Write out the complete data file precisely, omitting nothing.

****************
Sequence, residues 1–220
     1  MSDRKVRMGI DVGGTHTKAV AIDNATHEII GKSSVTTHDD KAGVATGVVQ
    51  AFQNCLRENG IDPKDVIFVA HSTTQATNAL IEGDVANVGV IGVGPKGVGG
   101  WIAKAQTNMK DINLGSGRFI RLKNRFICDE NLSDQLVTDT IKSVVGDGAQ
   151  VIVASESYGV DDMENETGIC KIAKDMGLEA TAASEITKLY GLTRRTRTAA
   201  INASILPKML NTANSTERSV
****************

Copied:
Sequence, residues 1–220
     1  MSDRKVRMGI DVGGTHTKAV AIDNATHEII GKSSVTTHDD KAGVATGVVQ
    51  AFQNCLRENG IDPKDVIFVA HSTTQATNAL IEGDVANVGV IGVGPKGVGG
   101  WIAKAQTNMK DINLGSGRFI RLKNRFICDE NLSDQLVTDT IKSVVGDGAQ
   151  VIVASESYGV DDMENETGIC KIAKDMGLEA TAASEITKLY GLTRRTRTAA
   201  INASILPKML NTANSTERSV